Journal Article
Research Support, N.I.H., Extramural
Research Support, Non-U.S. Gov't
Research Support, U.S. Gov't, Non-P.H.S.
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Full-length axon regeneration in the adult mouse optic nerve and partial recovery of simple visual behaviors.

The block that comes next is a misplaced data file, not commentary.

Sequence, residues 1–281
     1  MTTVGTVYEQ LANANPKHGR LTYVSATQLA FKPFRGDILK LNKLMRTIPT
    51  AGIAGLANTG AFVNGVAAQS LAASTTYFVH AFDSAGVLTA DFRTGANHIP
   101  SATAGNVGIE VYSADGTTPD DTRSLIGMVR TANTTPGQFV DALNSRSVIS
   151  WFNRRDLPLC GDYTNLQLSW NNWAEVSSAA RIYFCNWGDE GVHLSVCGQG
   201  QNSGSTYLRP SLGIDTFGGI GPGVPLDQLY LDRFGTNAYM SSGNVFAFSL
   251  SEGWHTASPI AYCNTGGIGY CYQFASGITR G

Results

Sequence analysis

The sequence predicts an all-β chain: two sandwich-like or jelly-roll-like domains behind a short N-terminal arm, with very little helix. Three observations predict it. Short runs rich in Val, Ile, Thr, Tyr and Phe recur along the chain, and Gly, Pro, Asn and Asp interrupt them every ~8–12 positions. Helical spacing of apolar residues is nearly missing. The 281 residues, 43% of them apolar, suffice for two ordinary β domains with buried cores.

The mature optic nerve cannot regenerate when injured, leaving victims of traumatic nerve damage or diseases such as glaucoma with irreversible visual losses. Recent studies have identified ways to stimulate retinal ganglion cells to regenerate axons part-way through the optic nerve, but it remains unknown whether mature axons can reenter the brain, navigate to appropriate target areas, or restore vision. We show here that with adequate stimulation, retinal ganglion cells are able to regenerate axons the full length of the visual pathway and on into the lateral geniculate nucleus, superior colliculus, and other visual centers. Regeneration partially restores the optomotor response, depth perception, and circadian photoentrainment, demonstrating the feasibility of reconstructing central circuitry for vision after optic nerve damage in mature mammals.

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